Nanomox is seeking to unlock the capability of nanomaterials through a novel chemical process.
Having researched how inorganic materials such as zinc oxide are currently manufactured, he found out that about 99% of these materials are created at very high temperatures. “The process we had discovered does not require high temperatures,” says Francisco. “And it can also control for the shape of the nanoparticles which allows greater potential to tailor the materials for different applications and enhance performance.”
Another advantage of the process is that it can use waste materials rather than rely on pure metals. “This means we can have a circular approach,” explains Francisco. “For example, we can recover the zinc from batteries or recover metallic waste from the steel industry and transform them into advanced materials rather than sending these waste materials to the landfill.” Alongside this the process generates hydrogen as a by-product, adding another potential environmental advantage to the novel approach.
As the process is essentially an oxidation process, it can technically produce many different materials and minerals with a large number of applications. Nanomox has initially decided to focus on zinc oxide because it is already widely in use in industries such as cosmetics and rubber.
Where did the idea originate?
CEO and Co-founder Francisco came across the approach during his PhD in Chemical Engineering at Imperial and, seeing the promise in the process, applied to the Techcelerate programme to develop it commercially.
The chemical process pioneered by Nanomox was discovered by Francisco during his search for materials able to resist corrosion by ionic solvents as they broke down biomass into biofuel. He was initially disappointed as all the metals he tested were corroded by the solvents, implying it would be impossible to build a commercial plant to contain the process at scale. However, when he revisited the samples to better understand the corrosion process he noticed something spectacular under the microscope. “In the case of zinc oxide, I saw beautiful hexagons and nanorods with different morphologies,” explains Francisco. “I thought it looked amazing and beautiful but as my background was not in material sciences, I didn’t understand the full significance of this discovery.”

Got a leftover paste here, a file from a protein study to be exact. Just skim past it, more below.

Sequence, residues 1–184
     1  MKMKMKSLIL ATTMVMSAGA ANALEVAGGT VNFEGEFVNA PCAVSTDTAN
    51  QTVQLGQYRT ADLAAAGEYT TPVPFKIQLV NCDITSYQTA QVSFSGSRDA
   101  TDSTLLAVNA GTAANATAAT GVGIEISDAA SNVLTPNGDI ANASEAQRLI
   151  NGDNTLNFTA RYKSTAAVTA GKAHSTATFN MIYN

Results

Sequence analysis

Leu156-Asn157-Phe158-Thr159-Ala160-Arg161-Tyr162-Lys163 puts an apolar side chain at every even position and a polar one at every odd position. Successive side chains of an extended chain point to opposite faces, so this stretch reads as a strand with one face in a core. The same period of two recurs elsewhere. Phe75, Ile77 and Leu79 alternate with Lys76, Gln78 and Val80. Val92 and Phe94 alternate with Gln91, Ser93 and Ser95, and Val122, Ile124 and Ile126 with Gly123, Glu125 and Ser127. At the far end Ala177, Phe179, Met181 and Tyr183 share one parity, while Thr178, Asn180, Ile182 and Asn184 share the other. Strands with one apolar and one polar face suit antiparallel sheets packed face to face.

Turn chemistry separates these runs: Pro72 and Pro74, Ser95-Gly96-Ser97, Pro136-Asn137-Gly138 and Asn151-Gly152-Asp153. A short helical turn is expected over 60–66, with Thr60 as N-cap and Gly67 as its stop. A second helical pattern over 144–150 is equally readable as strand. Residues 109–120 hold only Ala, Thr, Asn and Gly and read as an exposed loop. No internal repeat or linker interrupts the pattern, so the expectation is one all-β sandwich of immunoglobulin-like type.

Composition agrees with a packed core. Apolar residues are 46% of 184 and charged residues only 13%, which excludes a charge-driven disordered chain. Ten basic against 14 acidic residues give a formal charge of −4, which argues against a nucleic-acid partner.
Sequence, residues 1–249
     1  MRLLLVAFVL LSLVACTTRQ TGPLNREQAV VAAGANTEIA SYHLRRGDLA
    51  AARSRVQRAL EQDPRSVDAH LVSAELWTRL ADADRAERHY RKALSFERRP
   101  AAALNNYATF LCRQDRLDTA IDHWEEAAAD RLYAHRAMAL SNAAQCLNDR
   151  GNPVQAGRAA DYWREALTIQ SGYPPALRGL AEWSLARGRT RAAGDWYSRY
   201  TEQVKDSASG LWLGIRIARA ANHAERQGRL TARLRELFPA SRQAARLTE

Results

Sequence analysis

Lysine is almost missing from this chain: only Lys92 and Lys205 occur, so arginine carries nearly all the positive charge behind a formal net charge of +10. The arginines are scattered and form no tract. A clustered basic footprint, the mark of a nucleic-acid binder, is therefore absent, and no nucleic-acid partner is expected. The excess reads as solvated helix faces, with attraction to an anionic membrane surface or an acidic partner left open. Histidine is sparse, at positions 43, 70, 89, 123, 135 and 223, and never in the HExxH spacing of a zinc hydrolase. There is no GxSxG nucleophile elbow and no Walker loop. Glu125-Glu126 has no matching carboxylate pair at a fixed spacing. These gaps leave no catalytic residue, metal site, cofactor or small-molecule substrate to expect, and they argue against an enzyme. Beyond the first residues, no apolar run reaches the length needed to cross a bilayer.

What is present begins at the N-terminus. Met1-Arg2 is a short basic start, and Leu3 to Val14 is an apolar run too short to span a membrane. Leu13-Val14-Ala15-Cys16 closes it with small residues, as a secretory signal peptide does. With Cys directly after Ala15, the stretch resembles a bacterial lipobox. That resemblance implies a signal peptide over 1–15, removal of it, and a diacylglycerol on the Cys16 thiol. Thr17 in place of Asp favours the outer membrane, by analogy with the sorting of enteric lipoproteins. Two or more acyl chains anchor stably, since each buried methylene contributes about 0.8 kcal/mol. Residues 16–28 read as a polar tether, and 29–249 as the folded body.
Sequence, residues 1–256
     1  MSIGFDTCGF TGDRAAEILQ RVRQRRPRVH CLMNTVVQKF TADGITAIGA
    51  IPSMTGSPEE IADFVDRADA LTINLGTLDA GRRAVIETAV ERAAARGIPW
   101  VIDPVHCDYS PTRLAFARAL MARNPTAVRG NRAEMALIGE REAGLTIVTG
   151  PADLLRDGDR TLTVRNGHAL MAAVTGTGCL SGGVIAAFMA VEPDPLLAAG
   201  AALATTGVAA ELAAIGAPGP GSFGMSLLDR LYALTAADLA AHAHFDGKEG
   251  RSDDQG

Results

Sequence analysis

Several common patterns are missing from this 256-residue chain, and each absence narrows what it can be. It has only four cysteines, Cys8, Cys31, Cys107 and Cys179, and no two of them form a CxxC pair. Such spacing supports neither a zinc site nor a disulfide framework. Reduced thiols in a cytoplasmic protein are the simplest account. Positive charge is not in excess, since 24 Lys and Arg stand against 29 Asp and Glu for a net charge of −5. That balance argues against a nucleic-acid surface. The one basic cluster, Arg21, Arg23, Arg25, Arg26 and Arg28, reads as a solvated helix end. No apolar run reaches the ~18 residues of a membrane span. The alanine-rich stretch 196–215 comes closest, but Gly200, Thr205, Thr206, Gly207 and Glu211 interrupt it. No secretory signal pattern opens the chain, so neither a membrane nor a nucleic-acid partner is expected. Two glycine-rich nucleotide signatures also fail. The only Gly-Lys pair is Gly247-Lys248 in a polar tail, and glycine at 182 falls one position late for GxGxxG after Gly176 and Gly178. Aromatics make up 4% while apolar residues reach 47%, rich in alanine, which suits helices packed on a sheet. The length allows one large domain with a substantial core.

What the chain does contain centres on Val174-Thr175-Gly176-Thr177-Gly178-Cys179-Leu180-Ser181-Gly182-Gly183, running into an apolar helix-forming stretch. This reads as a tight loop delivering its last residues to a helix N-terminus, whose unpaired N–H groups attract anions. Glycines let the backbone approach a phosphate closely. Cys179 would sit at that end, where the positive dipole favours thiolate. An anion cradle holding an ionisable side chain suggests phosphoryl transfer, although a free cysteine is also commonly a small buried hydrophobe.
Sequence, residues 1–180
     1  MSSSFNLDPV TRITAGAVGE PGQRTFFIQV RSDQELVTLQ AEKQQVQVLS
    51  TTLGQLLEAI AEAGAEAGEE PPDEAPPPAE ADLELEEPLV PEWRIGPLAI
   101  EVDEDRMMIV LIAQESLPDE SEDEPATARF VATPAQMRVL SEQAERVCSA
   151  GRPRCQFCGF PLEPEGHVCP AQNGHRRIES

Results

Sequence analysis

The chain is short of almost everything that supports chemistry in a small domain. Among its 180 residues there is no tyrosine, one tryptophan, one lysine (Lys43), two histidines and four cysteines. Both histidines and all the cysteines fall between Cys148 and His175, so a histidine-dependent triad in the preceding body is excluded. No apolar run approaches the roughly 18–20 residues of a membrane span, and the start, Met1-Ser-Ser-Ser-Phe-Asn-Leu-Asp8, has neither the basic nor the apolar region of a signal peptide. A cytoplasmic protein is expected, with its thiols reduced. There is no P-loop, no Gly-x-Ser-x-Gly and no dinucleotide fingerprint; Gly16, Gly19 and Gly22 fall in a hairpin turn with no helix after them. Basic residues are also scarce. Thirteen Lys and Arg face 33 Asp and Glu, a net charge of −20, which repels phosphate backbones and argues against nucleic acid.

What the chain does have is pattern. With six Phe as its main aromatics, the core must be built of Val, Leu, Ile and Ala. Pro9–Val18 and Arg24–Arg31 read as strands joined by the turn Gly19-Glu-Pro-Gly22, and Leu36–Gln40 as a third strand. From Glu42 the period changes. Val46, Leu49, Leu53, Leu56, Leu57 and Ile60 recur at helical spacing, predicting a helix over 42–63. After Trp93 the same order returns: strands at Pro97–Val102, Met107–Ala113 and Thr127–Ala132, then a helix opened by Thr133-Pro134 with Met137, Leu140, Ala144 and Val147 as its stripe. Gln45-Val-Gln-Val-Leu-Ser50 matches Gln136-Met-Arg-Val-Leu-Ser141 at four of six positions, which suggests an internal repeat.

How did the team meet? Do you have any advisors?
Nanomox incorporated over a year ago and there are currently three people in the company: Francisco, his PhD supervisor Professor Jason Hallett, and a corrosion expert from Sheffield University Dr Kyra Sedransk Campbell who Francisco first approached when he was testing metals and alloys.
Where are you now and where do you plan to be?
Having validated the technology in the lab and filed for a patent, the company are now planning to demonstrate they can produce at scale. Like many Deep Tech ventures they are at a challenging point in their journey where they need to demonstrate they can scale up to attract investment but this in itself requires capital for equipment and facilities. The company are now looking to raise money to build their first demonstration plant so they can start to validate the product for its intended markets.
What support have you had from Imperial?
To help overcome these and other challenges the company has taken part in the Imperial Venture Mentoring Service and are still working with mentors Ian Edmondson and Dr Peter Collins. “Our mentors are super helpful,” says Francisco. “And since we have had them on board the company has made a lot of progress.”
“My background is completely technical,” says Francisco. “And this was the first time I had created a venture so I didn’t have any formal training or idea about how you take the technology from the lab and make it into a commercial success. The Techcelerate programme provided fantastic guidance on how to gauge industry interest. It was extremely useful, enabling me to engage with potential customers and partners in a very productive and valuable way.”
What advice would you give an aspiring entrepreneur?
“This is a never-ending journey and there is always more to learn,” says Francisco. “My advice to anyone looking to become an entrepreneur is ‘Don’t give up.’ It’s a lot of work and emotionally it’s very stressful as you are constantly exposing your ideas to other people but there are many victories along the way that make it worthwhile.”